To the Editor:
Cornell gets a failing grade on the COVID-19 dashboard, and many other aspects of their much vaunted plan on how they were going to succeed in providing a safe, in person semester.
As a local resident who was among many who were distressed and unhappy about the risks to the community that would be assumed with the return of students, I tried to take some small solace in Cornell’s repeated — and repeated — assurances and promises that their plan would work, in large part because of the aggressive testing program that would quickly identify infected students and get them into isolation, presumably before they could spread the virus much farther. And yet, there is still a delay in surveillance testing results. So what does that mean for the quick containment of any infected students? No clue.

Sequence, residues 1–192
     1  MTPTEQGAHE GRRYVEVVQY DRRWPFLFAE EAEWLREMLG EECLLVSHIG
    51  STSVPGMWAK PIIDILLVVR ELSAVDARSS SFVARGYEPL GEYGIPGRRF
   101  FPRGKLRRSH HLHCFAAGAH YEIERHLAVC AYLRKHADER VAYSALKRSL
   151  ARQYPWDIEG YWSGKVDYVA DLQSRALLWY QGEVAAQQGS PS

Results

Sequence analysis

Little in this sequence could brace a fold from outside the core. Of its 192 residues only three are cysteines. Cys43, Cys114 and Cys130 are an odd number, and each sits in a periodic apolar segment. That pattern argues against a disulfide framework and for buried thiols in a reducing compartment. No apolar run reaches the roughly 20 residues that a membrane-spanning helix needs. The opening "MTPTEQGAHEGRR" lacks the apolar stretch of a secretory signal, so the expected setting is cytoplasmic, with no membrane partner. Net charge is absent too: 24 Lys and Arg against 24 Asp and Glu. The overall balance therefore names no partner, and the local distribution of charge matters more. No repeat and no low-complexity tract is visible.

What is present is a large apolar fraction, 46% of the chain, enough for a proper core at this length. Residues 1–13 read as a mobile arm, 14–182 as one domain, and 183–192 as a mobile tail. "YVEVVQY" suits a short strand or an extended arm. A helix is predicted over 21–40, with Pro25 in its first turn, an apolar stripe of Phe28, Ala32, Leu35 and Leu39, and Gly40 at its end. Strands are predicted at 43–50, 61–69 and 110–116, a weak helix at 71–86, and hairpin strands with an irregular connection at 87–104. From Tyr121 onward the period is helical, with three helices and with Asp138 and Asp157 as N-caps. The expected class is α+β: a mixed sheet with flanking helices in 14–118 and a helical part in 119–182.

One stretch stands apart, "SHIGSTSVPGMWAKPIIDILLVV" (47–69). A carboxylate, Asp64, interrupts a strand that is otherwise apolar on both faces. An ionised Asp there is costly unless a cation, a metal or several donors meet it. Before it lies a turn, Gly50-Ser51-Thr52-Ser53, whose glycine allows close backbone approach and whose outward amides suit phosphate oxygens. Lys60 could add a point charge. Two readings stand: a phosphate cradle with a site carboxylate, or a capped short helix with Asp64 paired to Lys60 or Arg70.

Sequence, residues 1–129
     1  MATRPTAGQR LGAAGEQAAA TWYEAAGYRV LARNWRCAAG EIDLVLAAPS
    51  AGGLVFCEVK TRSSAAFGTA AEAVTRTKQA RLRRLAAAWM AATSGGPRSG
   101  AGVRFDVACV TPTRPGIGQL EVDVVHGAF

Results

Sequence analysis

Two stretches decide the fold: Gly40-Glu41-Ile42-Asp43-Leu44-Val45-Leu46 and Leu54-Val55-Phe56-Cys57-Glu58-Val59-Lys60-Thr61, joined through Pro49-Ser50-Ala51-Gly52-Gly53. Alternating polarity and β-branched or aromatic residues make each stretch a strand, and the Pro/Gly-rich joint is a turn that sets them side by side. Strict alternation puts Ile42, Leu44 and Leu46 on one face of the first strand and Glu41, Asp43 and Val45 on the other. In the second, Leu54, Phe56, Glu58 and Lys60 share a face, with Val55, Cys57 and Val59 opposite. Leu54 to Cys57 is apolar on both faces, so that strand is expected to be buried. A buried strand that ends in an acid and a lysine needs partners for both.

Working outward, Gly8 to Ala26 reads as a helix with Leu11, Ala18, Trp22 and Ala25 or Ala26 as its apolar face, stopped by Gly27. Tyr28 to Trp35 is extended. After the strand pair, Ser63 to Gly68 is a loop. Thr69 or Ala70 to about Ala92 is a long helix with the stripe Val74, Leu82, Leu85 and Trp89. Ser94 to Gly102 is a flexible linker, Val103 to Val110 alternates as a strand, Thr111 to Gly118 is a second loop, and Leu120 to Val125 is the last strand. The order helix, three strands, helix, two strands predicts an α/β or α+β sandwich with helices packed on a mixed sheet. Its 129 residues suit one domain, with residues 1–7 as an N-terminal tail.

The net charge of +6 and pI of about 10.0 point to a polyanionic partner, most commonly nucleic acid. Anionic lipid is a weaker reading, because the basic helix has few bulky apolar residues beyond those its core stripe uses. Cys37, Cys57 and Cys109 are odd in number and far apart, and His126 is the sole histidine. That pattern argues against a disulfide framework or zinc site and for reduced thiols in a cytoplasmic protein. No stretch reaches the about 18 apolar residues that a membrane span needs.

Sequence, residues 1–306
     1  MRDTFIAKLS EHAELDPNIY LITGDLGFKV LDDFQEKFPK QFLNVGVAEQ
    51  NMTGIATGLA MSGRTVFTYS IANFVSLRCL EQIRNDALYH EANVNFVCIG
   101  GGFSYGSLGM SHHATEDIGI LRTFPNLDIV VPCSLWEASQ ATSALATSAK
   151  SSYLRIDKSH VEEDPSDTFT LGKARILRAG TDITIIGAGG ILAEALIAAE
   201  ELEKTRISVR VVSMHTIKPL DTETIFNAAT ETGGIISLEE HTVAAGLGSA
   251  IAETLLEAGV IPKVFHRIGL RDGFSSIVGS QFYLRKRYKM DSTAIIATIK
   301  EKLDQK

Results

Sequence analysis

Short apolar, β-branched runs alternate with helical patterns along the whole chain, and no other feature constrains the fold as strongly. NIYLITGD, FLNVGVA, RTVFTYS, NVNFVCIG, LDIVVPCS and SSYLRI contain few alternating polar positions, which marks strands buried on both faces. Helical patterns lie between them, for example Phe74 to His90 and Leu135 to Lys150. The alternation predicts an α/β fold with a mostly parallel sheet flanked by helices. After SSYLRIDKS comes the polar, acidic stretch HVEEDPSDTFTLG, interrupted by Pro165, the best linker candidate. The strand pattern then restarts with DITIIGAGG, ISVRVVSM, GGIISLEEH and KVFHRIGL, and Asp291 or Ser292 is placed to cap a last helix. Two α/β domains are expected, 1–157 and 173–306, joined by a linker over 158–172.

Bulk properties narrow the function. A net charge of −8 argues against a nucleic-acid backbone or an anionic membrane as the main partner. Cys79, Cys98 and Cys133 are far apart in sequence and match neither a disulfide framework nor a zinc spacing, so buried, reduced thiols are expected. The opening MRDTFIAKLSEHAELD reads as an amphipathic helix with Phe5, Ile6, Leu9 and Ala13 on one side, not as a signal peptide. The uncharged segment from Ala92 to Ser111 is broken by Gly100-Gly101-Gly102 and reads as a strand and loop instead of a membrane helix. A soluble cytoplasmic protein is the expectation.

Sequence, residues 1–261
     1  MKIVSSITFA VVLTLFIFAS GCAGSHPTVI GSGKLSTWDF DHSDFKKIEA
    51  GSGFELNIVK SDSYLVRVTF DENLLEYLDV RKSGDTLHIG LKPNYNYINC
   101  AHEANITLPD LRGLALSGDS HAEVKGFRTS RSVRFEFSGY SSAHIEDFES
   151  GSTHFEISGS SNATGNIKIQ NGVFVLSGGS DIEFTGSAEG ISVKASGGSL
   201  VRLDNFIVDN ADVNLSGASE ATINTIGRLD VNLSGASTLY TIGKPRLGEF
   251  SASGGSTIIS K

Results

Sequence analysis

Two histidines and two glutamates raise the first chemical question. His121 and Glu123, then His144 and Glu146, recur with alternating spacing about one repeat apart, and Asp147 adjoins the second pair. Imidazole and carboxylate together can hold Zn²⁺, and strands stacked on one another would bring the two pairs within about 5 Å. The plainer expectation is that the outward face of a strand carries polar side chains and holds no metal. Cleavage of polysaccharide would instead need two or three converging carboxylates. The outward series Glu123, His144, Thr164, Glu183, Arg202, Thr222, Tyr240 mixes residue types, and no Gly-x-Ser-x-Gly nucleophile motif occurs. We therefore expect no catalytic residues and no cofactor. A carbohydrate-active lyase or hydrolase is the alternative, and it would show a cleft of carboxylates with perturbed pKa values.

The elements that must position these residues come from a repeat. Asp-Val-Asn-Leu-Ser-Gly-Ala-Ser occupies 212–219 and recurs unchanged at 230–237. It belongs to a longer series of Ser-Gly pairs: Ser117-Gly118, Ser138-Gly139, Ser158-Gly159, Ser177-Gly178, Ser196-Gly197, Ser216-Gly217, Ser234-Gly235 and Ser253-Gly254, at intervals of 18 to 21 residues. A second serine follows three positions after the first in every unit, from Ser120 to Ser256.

This delay also makes it impossible to decipher the department of health’s numbers in a way that is of much use to the local community in evaluating the current circumstances and risk. I see that there are more active cases than I recall seeing at any other time since the pandemic started, and I could assume most of those cases are students. But how can I know for sure? And knowing is important to residents like myself, because we might conduct our daily lives one way if we know those cases are confined to students vs. knowing that many are in the general population.
Cornell had months to develop this dashboard and work out any kinks, including how to coordinate with DOH reporting. So, if this was a student project that was submitted for a grade, what grade do you think it should get?
Paula Amols ’75